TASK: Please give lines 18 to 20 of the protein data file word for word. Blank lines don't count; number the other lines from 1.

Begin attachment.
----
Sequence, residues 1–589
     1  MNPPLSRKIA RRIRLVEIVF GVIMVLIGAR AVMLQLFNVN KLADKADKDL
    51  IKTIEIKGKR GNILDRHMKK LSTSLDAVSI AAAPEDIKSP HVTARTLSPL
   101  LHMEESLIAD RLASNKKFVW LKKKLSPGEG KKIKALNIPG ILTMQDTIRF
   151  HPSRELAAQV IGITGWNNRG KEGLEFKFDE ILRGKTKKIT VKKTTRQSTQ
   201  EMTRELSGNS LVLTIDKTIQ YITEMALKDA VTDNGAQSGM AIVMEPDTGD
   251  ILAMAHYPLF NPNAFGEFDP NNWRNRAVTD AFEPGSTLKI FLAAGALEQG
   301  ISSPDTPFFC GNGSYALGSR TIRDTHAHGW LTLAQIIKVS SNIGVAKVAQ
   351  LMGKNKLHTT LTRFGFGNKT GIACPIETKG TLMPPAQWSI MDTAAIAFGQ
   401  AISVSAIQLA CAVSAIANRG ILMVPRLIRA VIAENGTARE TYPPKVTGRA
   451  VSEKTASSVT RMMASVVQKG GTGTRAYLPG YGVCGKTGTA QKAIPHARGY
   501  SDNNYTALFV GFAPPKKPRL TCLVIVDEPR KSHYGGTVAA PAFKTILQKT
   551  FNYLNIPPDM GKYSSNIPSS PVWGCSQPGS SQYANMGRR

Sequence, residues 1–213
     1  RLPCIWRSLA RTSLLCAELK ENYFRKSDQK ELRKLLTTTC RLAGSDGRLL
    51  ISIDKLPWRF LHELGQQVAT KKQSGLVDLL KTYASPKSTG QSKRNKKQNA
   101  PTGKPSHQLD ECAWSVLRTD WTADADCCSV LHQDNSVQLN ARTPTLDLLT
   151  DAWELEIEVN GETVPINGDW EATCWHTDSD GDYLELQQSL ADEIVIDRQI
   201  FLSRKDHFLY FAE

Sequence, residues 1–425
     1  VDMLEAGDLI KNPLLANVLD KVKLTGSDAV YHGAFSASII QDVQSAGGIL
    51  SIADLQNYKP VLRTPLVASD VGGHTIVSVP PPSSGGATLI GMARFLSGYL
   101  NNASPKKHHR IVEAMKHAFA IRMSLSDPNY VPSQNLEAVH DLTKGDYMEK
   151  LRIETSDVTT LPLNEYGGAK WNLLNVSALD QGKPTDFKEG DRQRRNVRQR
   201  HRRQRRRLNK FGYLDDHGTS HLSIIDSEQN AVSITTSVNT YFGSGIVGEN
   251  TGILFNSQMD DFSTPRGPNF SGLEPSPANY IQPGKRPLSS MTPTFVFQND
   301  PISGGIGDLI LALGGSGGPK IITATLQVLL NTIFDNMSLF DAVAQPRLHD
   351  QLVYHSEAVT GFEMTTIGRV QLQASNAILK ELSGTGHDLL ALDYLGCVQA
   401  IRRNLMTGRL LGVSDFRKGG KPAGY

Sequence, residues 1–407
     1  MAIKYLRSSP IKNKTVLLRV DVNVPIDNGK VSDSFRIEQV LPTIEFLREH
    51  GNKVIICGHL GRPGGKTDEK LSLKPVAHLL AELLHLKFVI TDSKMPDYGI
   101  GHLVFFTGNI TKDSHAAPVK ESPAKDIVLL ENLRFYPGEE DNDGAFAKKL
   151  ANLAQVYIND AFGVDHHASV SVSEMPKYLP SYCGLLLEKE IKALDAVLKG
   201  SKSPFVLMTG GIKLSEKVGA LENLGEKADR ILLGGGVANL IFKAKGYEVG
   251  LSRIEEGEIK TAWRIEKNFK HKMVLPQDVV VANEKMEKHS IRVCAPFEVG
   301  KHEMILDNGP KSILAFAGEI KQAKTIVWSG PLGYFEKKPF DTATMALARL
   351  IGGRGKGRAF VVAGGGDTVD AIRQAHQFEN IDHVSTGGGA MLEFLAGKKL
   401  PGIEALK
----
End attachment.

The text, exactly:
   151  DAWELEIEVN GETVPINGDW EATCWHTDSD GDYLELQQSL ADEIVIDRQI
   201  FLSRKDHFLY FAE

Sequence, residues 1–425